- Last week, the National Waste & Recycling Association (NWRA) launched a week-long training and awareness initiative to promote awareness and prevention of accidents, fatalities, and injuries related to a big industry issue: truck backing.
- The Stand Down was a success, receiving engagement from 60% of the industry, according to NWRA. In addition to industry support, safety suggestions, and meaningful feedback, the Stand Down yielded significant social media engagement: 26,400 Twitter impressions and 22,300 Facebook impressions an average 200% increase in engagement amongst both platforms.
- NWRA plans to launch two more Safety Stand Downs this year. As planning begins for these next events, the association will continue working with partner association and organizations, hoping to grow participation to at least 70% of the industry.
Coming out for the Stand Down event were NWRA members, regional waste and recycling associations, and the municipal waste community, including California Refuse and Recycling Council, the Oregon Refuse and Recycling Association, the Washington Refuse and Recycling Association, the International Scrap Recycling Institute (ISRI) and the Solid Waste Association of North America (SWANA).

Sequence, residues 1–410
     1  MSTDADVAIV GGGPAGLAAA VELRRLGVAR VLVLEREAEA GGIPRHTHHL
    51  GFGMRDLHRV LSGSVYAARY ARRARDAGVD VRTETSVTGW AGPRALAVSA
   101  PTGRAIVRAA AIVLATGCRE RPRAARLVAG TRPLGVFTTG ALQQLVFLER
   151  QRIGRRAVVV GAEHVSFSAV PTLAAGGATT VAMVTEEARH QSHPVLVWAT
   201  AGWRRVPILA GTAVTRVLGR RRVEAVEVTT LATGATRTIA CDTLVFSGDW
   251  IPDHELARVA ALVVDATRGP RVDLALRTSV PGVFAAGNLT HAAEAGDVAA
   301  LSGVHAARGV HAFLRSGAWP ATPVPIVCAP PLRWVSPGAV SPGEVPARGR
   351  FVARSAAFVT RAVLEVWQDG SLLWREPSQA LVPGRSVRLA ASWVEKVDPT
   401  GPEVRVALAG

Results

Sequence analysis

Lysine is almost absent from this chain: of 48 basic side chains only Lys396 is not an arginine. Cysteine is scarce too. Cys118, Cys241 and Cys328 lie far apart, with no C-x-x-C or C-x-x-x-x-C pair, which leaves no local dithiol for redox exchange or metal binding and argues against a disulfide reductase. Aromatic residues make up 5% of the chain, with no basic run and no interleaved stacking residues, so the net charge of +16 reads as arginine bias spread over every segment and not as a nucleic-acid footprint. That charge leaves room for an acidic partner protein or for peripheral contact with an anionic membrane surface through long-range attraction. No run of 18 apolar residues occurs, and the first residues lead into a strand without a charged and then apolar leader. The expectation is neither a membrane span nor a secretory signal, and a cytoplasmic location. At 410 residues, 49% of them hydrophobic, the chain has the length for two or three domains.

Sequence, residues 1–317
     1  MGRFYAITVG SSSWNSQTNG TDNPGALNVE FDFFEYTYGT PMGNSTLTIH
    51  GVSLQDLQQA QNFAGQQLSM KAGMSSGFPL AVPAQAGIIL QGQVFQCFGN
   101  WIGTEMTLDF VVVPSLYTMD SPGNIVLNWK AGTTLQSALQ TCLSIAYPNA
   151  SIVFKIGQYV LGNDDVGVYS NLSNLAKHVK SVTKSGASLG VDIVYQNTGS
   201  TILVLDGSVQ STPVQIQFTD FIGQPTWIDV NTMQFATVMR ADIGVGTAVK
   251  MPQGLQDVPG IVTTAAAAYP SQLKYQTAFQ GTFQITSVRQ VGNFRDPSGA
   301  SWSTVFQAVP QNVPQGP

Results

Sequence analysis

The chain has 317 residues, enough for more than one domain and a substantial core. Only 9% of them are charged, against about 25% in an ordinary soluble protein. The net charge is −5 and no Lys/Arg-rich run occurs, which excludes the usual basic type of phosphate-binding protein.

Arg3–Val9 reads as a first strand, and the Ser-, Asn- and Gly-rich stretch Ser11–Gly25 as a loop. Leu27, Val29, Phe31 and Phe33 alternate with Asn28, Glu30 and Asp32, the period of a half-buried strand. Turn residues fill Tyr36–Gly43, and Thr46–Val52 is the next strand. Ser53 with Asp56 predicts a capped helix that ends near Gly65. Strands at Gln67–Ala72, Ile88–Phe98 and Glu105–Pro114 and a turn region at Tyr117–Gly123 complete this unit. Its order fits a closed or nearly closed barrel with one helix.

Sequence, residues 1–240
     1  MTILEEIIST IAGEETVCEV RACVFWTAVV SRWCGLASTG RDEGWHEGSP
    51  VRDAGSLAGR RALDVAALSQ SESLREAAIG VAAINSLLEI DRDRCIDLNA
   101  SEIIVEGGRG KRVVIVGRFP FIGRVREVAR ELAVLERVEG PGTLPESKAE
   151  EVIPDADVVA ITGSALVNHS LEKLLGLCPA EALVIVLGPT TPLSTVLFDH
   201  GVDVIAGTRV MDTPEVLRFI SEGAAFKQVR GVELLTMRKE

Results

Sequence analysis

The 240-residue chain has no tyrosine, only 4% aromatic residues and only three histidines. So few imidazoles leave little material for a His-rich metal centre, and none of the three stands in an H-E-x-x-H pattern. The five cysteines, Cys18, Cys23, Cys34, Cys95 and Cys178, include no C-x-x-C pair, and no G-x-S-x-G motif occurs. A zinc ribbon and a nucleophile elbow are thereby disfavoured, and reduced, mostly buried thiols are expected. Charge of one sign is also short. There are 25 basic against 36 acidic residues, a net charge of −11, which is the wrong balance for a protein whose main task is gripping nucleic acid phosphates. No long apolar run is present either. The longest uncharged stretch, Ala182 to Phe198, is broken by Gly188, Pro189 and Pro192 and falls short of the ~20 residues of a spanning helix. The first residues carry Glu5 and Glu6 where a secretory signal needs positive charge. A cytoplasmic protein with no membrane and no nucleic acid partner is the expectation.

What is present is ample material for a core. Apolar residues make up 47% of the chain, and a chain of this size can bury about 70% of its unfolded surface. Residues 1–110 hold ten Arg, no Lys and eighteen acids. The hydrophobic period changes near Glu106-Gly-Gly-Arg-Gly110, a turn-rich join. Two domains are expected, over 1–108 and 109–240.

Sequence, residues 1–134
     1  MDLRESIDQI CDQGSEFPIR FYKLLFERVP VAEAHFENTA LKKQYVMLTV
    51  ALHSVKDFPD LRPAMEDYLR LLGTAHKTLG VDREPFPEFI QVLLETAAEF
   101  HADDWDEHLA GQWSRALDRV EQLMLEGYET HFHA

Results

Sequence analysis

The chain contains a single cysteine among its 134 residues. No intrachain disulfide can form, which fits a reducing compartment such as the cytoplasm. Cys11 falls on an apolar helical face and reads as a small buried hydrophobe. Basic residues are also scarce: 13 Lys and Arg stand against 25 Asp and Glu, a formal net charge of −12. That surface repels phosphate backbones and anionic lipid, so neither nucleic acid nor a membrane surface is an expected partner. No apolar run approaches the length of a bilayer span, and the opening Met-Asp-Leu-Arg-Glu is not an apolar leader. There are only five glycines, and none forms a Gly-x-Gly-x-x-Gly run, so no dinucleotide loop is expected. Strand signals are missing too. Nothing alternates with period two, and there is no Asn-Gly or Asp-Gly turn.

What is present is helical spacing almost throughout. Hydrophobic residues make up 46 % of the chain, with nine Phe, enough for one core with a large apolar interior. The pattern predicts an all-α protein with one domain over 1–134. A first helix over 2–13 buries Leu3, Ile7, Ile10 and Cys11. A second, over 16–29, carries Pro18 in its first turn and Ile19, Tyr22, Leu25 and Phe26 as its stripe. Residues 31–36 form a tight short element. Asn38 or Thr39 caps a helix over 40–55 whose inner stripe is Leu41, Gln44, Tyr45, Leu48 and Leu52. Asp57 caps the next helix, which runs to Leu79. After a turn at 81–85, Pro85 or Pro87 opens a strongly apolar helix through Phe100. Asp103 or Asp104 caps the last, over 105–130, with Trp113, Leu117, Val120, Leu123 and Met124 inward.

The Stand Down provided tools, guidance and other support to help end backing incidents and help companies bolster their safety training programs, encouraging employee sessions on safe backing; conducting a risk assessment and review of backing policies and procedures; and posting Stand Down information at facilities and on social media sites.
As the backing issue affects many stakeholders in the industry, a high level of participation was an assuring indication that the industry is working together to promote safe practices.
"I thought the Stand Down went very well with our drivers and helpers. The bullet points were right on target with the subject. It was a good reminder on what can happen if you don’t pay attention to what you’re doing," said Dave Massey of Ankeny Sanitation.
James Profit of Montgomery County Solid Waste Services Group echoed this feedback. "We utilized [the information] to update our transfer and haul drivers and our transfer station employees. We look forward to more safety best practices from [NWRA] and SWANA," he said.